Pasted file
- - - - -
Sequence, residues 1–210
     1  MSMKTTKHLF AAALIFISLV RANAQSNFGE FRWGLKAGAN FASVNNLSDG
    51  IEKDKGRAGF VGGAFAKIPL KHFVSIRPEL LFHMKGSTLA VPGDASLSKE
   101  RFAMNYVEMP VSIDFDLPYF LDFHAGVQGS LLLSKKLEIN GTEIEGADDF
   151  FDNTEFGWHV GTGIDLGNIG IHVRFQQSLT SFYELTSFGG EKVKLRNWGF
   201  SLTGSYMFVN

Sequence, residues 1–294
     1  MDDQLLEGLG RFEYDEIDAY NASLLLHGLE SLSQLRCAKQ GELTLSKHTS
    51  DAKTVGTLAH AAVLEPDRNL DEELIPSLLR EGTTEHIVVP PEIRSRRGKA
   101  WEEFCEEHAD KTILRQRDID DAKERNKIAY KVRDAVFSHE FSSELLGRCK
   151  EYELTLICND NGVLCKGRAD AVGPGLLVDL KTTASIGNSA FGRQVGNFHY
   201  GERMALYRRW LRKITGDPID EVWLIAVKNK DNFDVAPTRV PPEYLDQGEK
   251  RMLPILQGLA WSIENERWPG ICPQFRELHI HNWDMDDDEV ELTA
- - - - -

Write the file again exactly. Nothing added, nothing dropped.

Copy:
Sequence, residues 1–210
     1  MSMKTTKHLF AAALIFISLV RANAQSNFGE FRWGLKAGAN FASVNNLSDG
    51  IEKDKGRAGF VGGAFAKIPL KHFVSIRPEL LFHMKGSTLA VPGDASLSKE
   101  RFAMNYVEMP VSIDFDLPYF LDFHAGVQGS LLLSKKLEIN GTEIEGADDF
   151  FDNTEFGWHV GTGIDLGNIG IHVRFQQSLT SFYELTSFGG EKVKLRNWGF
   201  SLTGSYMFVN

Sequence, residues 1–294
     1  MDDQLLEGLG RFEYDEIDAY NASLLLHGLE SLSQLRCAKQ GELTLSKHTS
    51  DAKTVGTLAH AAVLEPDRNL DEELIPSLLR EGTTEHIVVP PEIRSRRGKA
   101  WEEFCEEHAD KTILRQRDID DAKERNKIAY KVRDAVFSHE FSSELLGRCK
   151  EYELTLICND NGVLCKGRAD AVGPGLLVDL KTTASIGNSA FGRQVGNFHY
   201  GERMALYRRW LRKITGDPID EVWLIAVKNK DNFDVAPTRV PPEYLDQGEK
   251  RMLPILQGLA WSIENERWPG ICPQFRELHI HNWDMDDDEV ELTA